Volume 16, No.4 - Winter 1970
Editors of this issue: Antanas Klimas, Ignas K. Skrupskelis
Copyright © 1970 LITUANUS Foundation, Inc.



The scholastic moral philosophy in Lithuanian schools has never been studied up to now.

The course in moral philosophy, in ethics, was to be taught in the last year of instruction and was to conclude the philosophy program. However, due to the lack of time, most often, the philosophy program was concluded with metaphysics, and ethics was not even begun. In the judgement of educators of the time, this was not a serious deficiency, because the student would proceed to the faculty of theology and there take a course in moral theology. This could be used to explain the fact that in the manuscript section of the research library of the State University of V. Kapsukas in Vilnius only four ethics courses are preserved. The first is an ethics course (No. 2056) taught at the Vilnius University in 1684, probably, by Jeronimas Burba.1 This was established indirectly. In the notes of a physics course (No. 2175) taught in 1682-83, and made by the same student as those of the ethics, Lithuania, Vilnius, and the Jesuits in Vilnius are mentioned several times. Thus, we may conclude that the course was taught at Vilnius. In the register of academic degrees granted by the university, the Laureae Academicae, it is indicated that in 1681-1684, the philosophy course at the university was taught by Jeronimas Burba. And this fits courses No. 2175 and No. 2056. Furthermore, on the last page of course No. 2056, Burba's name is indicated. The second surviving ethics course is the course taught by Motiejus Karskis in 1699 at Vilnius University (No. 2090). There is a second example of Karskis' ethics course (No. 1230), written down by another student. In this course, neither the author, nor the place, nor the year are indicated, but a comparison of the two courses shows that they do not differ in a single word. This is perfectly understandable, since the lectures were dictated. The third surviving ethics course, it seems, belongs to Kristupas Einoravičius, which he gave at the Vilnius university in 1703 (No. 771). The author of this course is not indicated, however, from various inscriptions it can be established that it was given at the Vilnius University. In the Laureae Academicae it is indicated that Einoravičius taught philosophy at the Vilnius University in 1700-1703.2 This fits course No. 771. The fourth surviving ethics course was taught by Jacobus Rahasch, probably a German, in 1700 (No. D 1156). There are no indications as to where it was taught, but when an academic degree was granted to him, the Laureae Academicae indicates that he taught philosophy in the Kraţiai college.3 Some authors (S. Rostovsky, K. Estreicher) claim that the noted historian A. Kojalavičius (Koialowicz), who also taught philosophy at the Vilnius university, in 1645 published the Compendium Ethicae Aristotelicae. However, the attempt to locate this work was not successful.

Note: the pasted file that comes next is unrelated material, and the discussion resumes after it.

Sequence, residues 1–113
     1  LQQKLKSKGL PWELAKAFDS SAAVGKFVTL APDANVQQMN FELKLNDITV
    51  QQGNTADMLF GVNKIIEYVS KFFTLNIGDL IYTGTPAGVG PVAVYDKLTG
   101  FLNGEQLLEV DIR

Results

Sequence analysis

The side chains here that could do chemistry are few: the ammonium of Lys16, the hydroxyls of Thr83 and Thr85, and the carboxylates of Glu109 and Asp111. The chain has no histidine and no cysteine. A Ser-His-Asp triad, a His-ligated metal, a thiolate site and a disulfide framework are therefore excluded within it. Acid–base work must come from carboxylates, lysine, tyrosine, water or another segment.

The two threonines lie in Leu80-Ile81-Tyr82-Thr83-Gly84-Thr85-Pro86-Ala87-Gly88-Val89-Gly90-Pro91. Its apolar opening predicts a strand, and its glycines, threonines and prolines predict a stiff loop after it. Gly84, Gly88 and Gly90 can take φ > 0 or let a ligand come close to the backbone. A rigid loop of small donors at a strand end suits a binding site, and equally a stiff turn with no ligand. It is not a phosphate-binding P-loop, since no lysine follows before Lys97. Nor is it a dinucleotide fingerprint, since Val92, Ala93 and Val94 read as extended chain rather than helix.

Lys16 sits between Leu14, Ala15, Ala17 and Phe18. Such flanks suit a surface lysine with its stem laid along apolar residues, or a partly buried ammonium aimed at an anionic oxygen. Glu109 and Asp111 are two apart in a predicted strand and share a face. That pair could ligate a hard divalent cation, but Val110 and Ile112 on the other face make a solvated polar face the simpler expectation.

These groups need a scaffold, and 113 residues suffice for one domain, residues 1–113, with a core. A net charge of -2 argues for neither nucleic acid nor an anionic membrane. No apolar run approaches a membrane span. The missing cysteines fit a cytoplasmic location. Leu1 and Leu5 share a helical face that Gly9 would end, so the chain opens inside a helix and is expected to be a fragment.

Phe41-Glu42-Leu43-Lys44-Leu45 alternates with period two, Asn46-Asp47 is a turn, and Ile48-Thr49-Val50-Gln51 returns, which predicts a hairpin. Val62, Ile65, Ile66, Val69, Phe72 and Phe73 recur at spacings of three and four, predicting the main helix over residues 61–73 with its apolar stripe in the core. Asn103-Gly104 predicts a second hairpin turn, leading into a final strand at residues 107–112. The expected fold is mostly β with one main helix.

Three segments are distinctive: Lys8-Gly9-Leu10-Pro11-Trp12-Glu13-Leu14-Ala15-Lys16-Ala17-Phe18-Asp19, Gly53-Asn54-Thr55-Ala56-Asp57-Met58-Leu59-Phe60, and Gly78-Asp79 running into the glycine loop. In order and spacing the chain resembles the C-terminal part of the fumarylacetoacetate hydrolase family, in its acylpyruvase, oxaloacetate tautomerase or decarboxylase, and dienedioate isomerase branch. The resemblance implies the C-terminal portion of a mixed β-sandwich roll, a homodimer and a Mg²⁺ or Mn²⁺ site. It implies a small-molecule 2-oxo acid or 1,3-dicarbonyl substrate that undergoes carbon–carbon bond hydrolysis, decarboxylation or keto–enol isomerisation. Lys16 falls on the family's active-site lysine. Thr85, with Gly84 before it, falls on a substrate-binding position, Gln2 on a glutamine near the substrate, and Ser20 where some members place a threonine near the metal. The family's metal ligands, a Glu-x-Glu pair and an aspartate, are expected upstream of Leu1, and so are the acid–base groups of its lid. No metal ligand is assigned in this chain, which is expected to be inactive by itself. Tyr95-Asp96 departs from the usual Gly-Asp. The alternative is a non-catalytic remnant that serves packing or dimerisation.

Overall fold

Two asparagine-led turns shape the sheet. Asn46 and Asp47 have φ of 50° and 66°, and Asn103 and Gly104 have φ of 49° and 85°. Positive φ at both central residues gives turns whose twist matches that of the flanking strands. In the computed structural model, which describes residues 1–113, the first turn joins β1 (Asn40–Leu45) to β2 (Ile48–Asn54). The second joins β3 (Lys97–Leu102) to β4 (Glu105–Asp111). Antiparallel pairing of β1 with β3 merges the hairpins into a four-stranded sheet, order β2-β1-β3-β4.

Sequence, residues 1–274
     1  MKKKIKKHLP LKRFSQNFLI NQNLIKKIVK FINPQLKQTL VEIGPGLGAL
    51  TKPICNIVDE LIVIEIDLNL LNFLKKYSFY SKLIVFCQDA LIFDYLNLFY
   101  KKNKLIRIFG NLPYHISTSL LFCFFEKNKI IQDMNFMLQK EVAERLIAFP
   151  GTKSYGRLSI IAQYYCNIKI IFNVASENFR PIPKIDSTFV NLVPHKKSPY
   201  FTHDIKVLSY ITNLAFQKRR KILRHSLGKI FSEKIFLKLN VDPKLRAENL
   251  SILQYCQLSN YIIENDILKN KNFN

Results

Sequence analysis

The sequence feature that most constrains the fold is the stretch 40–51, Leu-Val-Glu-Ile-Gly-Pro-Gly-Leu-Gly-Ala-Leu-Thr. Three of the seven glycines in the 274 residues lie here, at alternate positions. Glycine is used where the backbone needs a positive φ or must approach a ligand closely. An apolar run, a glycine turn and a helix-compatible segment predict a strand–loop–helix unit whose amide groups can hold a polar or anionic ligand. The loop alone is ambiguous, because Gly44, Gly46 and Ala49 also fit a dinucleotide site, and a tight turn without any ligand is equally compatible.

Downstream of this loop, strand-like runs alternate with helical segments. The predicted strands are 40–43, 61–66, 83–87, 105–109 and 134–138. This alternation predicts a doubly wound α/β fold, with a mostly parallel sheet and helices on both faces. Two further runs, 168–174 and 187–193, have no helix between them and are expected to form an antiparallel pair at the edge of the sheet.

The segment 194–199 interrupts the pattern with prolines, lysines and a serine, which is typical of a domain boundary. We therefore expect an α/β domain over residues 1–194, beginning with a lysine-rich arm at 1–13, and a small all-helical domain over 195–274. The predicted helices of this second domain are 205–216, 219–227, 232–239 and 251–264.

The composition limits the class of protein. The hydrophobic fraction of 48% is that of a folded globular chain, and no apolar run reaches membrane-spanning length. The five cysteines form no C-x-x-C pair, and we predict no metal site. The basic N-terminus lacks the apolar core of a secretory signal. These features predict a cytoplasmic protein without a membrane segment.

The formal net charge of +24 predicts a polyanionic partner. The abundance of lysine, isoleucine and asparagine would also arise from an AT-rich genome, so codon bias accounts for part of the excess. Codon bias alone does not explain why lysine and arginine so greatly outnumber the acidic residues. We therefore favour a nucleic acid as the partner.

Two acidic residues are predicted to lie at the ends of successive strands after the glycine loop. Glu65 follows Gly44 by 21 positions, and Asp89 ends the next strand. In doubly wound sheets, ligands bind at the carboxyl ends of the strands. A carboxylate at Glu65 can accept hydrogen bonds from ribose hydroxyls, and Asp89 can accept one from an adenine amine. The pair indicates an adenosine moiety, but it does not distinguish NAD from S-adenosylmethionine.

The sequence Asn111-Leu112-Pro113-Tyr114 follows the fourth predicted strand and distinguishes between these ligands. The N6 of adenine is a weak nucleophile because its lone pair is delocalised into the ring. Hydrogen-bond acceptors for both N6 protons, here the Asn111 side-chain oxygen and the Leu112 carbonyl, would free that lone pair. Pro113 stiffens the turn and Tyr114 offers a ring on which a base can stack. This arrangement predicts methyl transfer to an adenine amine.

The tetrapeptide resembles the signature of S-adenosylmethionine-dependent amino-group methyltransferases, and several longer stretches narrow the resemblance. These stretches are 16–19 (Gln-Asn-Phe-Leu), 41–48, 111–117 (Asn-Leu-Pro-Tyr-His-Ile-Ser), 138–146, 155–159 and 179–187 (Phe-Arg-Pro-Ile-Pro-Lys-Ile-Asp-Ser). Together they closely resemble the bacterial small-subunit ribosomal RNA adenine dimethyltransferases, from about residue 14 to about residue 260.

Thus, even if not regularly, ethics courses were taught in Lithuanian schools during the period of scholastic philosophy. In the Laureae Academicae, there are some dozen or so entries concerning ethics courses taught in the Vilnius University. Sometimes, ethics was taught by a person who did not teach in any other area of philosophy. The position of such an "ethices professor" in the Vilnius University was occupied by T. Rainutis in 1784, I. Burnevičius in 1734, and others.4

Like the metaphysics course, the ethics course was short. J. Burba's course takes up 24 pages, while the other ethics courses take up only ten or a dozen pages. However, when the ethics course was taught by a separate teacher, the course, very likely, was expanded.

From the point of view of the problems raised, the course by K. Einoravičius differs somewhat from the others, which others in this respect are completely alike.

These are the questions discussed in Rahasch's ethics course:

Moral philosophy, or plainly stated, ethics. Only one treatise discusses the nature of ethics, man's natural happiness, and the moral virtues.

About the nature of ethics. About the natural happiness of man. About the moral virtues in general; about the mean and the opposition of the virtues to vices. About the moral virtues separately: about wisdom; about justice; about temperance; about courage. About death.

As everywhere else in scholastic philosophy so in the ethics course, Aristotle was the chief authority. The problems of the ethics course are clearly taken from Aristotle's Ethics. However, just like the metaphysics course was not the teaching of and commentary on Aristotle's Metaphysics, so the ethics course, because it was so short, touched upon only some of the problems of Aristotle's ethics, this was based upon the authorities of the period of the flourishing of scholasticism and the so-called second scholasticism.

Ethics as a discipline was understood as follows: "Ethics is the science which studies the acts of man's will, which includes virtuousness and moral happiness."5 The point of departure of scholastic ethics was the same as that of the ethical theories of antiquity. Aristotle and particularly the ethics of the Hellenistic period emphasized that the goal of man's life is the achievement of happiness. This view was taken over by St. Augustine who merely rejected the conception of happiness of antiquity. As a philosopher of Christianity, Augustine asserts that only god can give happiness. Augustine's views concerning the ends of man's life were further developed in scholasticism, without straying very far from their main principles. In Lithuanian schools also it was taught that happiness is the end of man's life. One course is even titled in this way: "The science about happiness, or ethics."6 It was said that the object of ethics had been well stated by Thomas Aquinas; ethics establishes the rules for achieving the supreme good, i. e. happiness. Theology does not abolish ethics: to strive for god as the supreme end is the domain of theology and not of ethics. It was said that in striving for god, man is striving for happiness, however, we can achieve happiness only by means of a virtuous life, the rules of which are determined by ethics.7